Victor Douglas Eustace Webb was born in March 1915 and educated first at the Grammar School, Towcester, Northamptonshire, and then at the Cambridge and County School for Boys, both in England. He went on to study law at King's College, London, graduating LLB (Hons). He later did further postgraduate study at the University of Edinburgh, graduating LLM. After graduation he worked as a civil servant for the Inland Revenue in the Estate Duty Office at Somerset House, later moving to Scotland to work in their Edinburgh headquarters. Victor retired from the Civil Service in 1975 and started a private launderette and cleaning company, with various shops around the city of Edinburgh. Victor and his wife, Greta, were both members of the Society of Friends.
Victor Webb first owned an allotment in the 1940s having come from a gardening background (see UGC 222/3/10 for Victor's planting notebooks). He became involved in the politics of allotments in the 1950s after a dispute about building near his own allotment. Victor was co-opted as a member of the committee of the Scottish Allotments and Gardens Society (SAGS) in the early 1950s; he held various organisational positions in the Scottish Allotments Scheme for the Unemployed, serving as Chair from 1975-1996; and was auditor for the Federation of Edinburgh and district Allotment and Gardens Associations (FEDAGA) in the mid-1960s. He also worked in an advisory capacity with the St Leonard's Allotment Association and the Edinburgh Allotments and Holders' Association.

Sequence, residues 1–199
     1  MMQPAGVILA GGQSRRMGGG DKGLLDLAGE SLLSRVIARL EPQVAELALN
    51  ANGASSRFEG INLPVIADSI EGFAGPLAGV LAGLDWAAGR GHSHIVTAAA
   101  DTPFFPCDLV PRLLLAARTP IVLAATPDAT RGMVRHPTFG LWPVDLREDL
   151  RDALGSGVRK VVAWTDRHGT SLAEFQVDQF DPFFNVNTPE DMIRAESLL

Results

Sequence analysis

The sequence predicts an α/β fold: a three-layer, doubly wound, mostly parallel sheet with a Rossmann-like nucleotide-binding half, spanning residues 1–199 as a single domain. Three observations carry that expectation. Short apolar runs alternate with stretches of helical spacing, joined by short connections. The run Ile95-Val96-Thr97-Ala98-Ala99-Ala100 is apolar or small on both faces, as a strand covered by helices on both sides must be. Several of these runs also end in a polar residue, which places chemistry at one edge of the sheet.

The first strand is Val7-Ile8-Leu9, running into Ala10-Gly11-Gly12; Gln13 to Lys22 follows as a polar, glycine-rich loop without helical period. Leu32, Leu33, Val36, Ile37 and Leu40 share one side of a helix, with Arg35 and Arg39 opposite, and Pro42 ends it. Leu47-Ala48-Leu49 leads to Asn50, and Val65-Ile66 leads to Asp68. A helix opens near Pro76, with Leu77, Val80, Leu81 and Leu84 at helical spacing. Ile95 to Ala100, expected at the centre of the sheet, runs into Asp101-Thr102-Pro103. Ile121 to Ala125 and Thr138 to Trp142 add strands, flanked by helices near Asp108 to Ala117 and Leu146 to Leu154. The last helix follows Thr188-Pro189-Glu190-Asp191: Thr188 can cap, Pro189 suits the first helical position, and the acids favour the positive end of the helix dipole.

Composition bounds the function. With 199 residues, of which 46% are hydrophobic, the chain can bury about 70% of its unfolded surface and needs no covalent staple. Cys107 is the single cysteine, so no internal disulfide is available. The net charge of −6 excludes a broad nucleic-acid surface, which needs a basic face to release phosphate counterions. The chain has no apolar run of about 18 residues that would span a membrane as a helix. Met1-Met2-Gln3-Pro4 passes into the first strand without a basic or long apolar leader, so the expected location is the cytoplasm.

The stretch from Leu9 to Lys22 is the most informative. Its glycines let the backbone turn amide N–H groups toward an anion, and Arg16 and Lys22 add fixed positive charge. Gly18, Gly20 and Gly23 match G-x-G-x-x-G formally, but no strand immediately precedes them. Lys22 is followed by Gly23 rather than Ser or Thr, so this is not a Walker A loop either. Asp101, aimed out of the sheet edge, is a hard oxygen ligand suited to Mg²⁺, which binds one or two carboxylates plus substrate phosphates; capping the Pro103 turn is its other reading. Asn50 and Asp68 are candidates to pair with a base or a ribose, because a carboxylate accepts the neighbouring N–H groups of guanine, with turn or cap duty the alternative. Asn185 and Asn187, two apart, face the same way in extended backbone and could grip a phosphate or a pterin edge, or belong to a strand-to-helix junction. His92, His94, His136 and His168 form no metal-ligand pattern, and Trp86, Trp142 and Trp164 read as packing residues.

Victor worked tirelessly to maintain the importance of allotments in Scotland and fought against allotment land being lost to town planning and urbanisation. During this time the Allotments (Scotland) Act of 1950 was written, however Victor insisted that the Act was not going to help allotment holders against urbanisation. He protested publicly for the preservation of allotments and throughout his life remained active in their promotion.